Before Bethke Elementary officially opened, Principal Ann Alfonso dreamed of a 21st century school that would engage students in technology. She and school technology guru Brad Flickinger then came up with the idea for a broadcast studio to give students more technology opportunities.
“We wanted to use and implement technology in different ways that would hook students,” said Flickinger, Bethke’s media technology site manager. “We thought a studio would hook their minds.”
Bethke’s KBOB Studios has certainly proven to engage students’ interests. Students and staff recently celebrated producing the 500th morning news podcast at KBOB Studios. The daily radio show features morning announcements, weather, lunch menus, fun news items and music and is produced entirely by students, who take on all jobs like hosts, performers, sound technicians and producers.
The show is uploaded to iTunes, and currently has more than 6,000 subscribers around the world, making it the most popular student podcast on iTunes, according to Flickinger.
“We get emails from all over the world. Our farthest fan letter came from Australia,” said Flickinger, noting that it is also probably one of the longest running student podcasts on iTunes. “A lot of podcasts don’t get past 30 to 40 episodes and we are at 500.”
The big 500th podcast fell on Halloween, Oct. 31. Dressed in costumes, students celebrated the accomplishment by recording the podcast in front of a live audience of parents and school administrators. They performed songs, delivered the news and bantered with each other through the ten-minute show.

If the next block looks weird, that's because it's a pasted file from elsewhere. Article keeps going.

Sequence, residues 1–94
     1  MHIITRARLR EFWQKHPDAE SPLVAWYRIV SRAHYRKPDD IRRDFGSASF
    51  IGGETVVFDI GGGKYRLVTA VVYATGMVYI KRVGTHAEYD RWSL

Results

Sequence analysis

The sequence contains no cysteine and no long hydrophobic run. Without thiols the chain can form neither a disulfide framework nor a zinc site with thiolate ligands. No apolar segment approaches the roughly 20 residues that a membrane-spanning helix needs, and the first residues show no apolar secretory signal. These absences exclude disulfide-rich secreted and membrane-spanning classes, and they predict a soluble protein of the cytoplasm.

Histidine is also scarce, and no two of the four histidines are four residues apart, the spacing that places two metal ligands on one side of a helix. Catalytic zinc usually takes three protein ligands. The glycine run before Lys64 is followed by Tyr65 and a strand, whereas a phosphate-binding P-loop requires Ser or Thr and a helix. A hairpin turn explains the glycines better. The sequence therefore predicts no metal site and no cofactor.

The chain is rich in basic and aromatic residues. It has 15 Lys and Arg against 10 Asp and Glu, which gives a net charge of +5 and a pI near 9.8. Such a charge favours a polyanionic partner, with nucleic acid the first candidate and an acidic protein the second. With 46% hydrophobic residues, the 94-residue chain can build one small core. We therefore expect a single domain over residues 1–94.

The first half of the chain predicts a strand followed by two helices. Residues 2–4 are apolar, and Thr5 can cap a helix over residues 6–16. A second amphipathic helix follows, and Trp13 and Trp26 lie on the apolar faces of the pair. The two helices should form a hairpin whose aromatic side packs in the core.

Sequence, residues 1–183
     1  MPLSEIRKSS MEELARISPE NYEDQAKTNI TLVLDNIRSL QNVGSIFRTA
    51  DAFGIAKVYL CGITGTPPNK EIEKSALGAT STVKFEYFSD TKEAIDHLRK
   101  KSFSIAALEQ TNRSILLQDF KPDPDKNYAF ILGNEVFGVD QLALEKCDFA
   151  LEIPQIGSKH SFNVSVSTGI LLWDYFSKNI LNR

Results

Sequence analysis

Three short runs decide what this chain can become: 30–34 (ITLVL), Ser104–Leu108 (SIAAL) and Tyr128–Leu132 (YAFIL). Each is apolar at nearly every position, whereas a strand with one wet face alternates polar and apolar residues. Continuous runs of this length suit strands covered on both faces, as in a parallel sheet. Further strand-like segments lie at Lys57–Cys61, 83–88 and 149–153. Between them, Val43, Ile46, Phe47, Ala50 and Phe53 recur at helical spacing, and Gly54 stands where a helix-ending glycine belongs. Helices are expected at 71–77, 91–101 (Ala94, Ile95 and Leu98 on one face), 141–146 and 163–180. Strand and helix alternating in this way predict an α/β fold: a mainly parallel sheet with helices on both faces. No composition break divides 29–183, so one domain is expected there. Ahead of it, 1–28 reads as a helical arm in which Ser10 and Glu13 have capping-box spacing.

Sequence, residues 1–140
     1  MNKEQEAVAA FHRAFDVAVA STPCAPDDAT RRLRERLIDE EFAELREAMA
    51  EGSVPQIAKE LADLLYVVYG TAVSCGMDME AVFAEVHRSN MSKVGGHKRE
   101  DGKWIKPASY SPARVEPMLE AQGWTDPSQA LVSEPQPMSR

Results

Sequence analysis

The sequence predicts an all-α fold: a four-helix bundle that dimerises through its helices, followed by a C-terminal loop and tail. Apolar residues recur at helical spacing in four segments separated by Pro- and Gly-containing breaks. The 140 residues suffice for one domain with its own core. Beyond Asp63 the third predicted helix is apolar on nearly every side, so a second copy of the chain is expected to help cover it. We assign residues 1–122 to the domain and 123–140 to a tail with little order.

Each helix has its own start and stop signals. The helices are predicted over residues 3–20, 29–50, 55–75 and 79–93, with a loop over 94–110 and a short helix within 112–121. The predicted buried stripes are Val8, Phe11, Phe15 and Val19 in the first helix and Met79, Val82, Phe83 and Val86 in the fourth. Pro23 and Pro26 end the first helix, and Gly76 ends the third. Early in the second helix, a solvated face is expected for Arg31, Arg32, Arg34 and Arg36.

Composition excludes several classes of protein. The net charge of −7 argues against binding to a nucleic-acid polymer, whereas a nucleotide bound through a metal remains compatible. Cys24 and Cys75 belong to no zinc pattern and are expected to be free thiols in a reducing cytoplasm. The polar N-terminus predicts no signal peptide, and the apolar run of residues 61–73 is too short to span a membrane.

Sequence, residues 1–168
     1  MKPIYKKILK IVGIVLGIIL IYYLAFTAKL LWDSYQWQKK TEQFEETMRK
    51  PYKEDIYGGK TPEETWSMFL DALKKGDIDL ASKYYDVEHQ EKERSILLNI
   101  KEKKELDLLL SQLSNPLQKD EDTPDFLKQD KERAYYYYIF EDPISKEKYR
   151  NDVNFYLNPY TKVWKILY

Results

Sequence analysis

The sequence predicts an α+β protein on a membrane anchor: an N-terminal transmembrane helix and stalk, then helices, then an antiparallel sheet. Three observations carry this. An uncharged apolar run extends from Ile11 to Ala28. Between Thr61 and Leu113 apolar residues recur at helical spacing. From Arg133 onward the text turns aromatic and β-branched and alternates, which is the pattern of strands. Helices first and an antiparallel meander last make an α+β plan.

Fifth-grader and host of the show Grady Forsyth has worked on the show for the past few years. “When we started here we had two computers and a microphone. Now it’s progressed into this major studio,” said Grady. “This has just been a great experience. I’ve done everything here. I hope to do something like this for a career.”
The 500th episode was fifth-grader Alena LeBerger’s first time working on the show. “My role today was host and I’m still learning what to do. It was my first day. It was stressful and I was really nervous, but I pushed through,” she said. “I think I did pretty well. It was a real rush.”
Different students in third through fifth-grade work on the podcast each quarter. As a result, almost 100 students have been involved in the show by the end of the school year. Alfonso said working on the podcast gives students an opportunity to explore another interest in school.
“This gives our students an opportunity to shine in ways that they may not get to shine in the classroom,” said Alfonso.
Alfonso and Flickinger said the podcast is a great example of Bethke’s focus on technology and helping students achieve 21st century skills in areas of work ethic, global and cultural awareness, personal responsibility, creativity and innovation, critical thinking and problem solving, communication, civic responsibility, and using information technology.
“The podcast also helps students gain confidence,” said Flickinger. “Confidence is a trait that can take them far in life.”